Kennoway, United Kingdom, September 08, 2011 --(PR.com
)-- They were the entrepreneurs of the Georgian underclass who scandalized 19th century Scottish society by furnishing the mortuary tables of an Edinburgh medical school by way of killing in order to earn a crust. Their names have become synonymous with medical malpractice, skullduggery and downright wickedness. The story of Burke and Hare has fascinated people for nearly two centuries and has spawned various re-tellings of their hideous and gruesome trade; the latest film adaptation being the 2010 “Burke and Hare” by Director John Landis, which is now set for its American release.
But the foul deeds of William Burke and William Hare were infinitely more damnable than is portrayed in the Landis film, as a documentary on the two men by Scottish-based media company, Orickle Limited, which recounts the truth behind the story of their crimes, reveals.
In the Landis movie, a dark comedy with just enough of the macabre to satisfy the enduring public and media fascination with all things morbid, the title characters are treated as lovable rogues who have made some questionable choices and bear little relation to their real-life counterparts.
The real Burke and Hare were villainous predators who used the veneer of friendship to prey on weak and vulnerable people who were down on their luck; the waifs and strays of Edinburgh’s Old Town who would go unmissed. Their lack of scruples meant that not even the elderly, the handicapped or children were safe from being lured to their deaths by the murderous duo.
As Scotland’s most notorious serial killers, they made such an indelible mark on the nation’s cultural history that their story has become the subject of rhyme and song, providing these two murderers an almost mythological status. It is hardly surprising therefore that most peoples’ understanding of the events surrounding Burke and Hare are based on a mixture of fact and fiction.
Leona Tyrie, producer of the “The Body Merchants: The Shocking Truth about Anatomy Murder” explains: “When we asked people what they know about Burke and Hare what really became apparent to us was the general assumption that both men were involved in grave robbing and that this was how they obtained the bodies which they sold, which is, in fact, not the case. The evidence points to a truth that is far more disturbing but because the theft of bodies from graves was a common practice of the time the misnomer that Burke and Hare were body snatchers has become part of popular consciousness, largely because of how these two men have been portrayed in popular culture. Ironically, Burke and Hare are the most famous grave robbers in history despite the fact that they never stole bodies from graves.”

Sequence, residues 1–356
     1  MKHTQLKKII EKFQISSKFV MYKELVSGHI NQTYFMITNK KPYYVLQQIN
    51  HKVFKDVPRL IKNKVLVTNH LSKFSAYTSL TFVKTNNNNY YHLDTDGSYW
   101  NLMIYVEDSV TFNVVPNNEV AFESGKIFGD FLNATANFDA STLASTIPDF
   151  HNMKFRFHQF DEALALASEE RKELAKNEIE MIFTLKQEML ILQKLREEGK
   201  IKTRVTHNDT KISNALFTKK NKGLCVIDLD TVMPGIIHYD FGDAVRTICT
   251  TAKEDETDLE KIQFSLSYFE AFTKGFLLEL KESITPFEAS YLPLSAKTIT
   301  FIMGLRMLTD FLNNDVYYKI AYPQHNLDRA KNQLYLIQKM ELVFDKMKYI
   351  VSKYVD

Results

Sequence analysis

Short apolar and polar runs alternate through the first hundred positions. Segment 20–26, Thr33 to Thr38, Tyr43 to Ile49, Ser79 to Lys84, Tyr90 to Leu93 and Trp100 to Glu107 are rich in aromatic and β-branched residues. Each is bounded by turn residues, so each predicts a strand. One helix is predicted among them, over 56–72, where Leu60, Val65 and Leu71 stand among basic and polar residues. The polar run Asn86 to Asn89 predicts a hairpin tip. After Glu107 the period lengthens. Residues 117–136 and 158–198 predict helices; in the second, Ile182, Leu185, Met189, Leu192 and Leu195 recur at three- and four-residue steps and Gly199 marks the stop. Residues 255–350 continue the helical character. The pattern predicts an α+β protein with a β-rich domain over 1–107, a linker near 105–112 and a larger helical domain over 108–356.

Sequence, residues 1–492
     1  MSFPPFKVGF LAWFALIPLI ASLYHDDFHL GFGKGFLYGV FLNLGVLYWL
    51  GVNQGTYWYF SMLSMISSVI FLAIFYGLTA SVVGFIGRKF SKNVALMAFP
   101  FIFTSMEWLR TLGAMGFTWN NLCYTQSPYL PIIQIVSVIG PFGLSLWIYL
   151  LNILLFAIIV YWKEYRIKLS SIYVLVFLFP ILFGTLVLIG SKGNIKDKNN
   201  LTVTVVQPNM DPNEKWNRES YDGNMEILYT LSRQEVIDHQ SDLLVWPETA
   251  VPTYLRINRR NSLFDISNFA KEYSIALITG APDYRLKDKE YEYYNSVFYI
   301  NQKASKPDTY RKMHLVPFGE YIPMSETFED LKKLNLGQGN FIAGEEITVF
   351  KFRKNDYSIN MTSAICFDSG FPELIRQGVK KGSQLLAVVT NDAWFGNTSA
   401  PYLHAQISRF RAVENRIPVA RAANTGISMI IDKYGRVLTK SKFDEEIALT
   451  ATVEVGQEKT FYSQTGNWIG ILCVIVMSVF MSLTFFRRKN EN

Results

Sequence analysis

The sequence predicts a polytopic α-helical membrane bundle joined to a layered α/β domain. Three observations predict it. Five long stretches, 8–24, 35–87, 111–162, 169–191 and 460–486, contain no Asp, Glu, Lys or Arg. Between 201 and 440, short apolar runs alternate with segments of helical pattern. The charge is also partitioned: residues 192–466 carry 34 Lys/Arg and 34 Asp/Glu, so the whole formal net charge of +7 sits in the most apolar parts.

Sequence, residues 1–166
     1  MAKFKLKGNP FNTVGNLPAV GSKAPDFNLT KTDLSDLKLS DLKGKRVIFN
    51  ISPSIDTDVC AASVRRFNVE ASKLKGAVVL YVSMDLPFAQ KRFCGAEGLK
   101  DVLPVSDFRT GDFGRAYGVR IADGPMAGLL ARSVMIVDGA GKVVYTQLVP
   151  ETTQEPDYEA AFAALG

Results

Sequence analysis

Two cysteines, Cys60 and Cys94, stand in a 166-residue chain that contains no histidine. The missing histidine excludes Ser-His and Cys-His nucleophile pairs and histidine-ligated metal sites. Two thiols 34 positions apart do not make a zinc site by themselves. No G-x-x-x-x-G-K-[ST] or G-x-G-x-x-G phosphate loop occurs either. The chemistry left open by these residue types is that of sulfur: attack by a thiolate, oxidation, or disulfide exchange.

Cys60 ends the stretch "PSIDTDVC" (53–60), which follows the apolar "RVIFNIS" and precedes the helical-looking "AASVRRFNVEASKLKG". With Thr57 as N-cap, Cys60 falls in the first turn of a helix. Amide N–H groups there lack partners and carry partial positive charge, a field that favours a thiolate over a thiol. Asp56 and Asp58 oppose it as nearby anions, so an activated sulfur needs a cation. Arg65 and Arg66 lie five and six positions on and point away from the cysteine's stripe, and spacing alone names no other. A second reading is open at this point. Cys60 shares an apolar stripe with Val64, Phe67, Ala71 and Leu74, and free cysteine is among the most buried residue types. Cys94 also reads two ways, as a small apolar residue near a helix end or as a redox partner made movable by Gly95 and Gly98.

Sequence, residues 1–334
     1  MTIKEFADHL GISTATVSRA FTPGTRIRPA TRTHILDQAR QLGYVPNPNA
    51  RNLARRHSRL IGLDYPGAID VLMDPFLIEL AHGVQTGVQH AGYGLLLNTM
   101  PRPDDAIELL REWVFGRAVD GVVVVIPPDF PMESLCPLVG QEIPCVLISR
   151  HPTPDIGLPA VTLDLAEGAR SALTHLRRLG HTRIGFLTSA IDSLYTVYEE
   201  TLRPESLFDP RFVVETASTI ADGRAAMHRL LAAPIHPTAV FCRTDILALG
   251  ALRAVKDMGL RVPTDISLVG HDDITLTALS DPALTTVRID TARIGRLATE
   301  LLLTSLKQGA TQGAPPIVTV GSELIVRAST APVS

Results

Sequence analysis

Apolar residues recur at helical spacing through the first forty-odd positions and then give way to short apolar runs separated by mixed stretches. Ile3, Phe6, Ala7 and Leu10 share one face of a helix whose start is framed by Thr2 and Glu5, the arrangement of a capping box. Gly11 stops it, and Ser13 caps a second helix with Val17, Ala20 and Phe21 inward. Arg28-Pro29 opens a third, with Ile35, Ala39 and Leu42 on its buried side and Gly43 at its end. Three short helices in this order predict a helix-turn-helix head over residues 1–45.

The production also probes the legal, social and medical problems of the time, which together resulted in the establishment of a trade in bodies for profit, an enterprise secretly supported by Britain’s most prominent anatomists who chose to look the other way for the benefit of scientific advancement. Of particular interest, is a section devoted to The Burns Collection, a group of 200 year old mummified remains of bodies which were robbed from graves and preserved in order to teach anatomy to medical students, together with expert commentary from the custodian of the Collection, Dr. Ronn Wade, an eminent American anatomist, who is Director of the Anatomical Services Division of the University of Maryland School of Medicine and the Maryland State Anatomy Board.
But the focus of the documentary is very much on the future as well as the past.
“The Body Merchants: The Shocking Truth about Anatomy Murder” also investigates shocking claims that crimes of this nature are not confined to the pages of history but that, in actual fact, a conspiracy of obtaining bodies for profit still exists and that in many cases people are being killed to order to supply the black market trade in body parts.
The modern-day issues relating to the selling of body parts is, according to producer Leona Tyrie, an important addition to the Burke and Hare story.
Said Leona, “It forces the viewer to confront the moral issues of whether or not we, as a society, have progressed as much as we would like to believe we have in the last two hundred years or so.”
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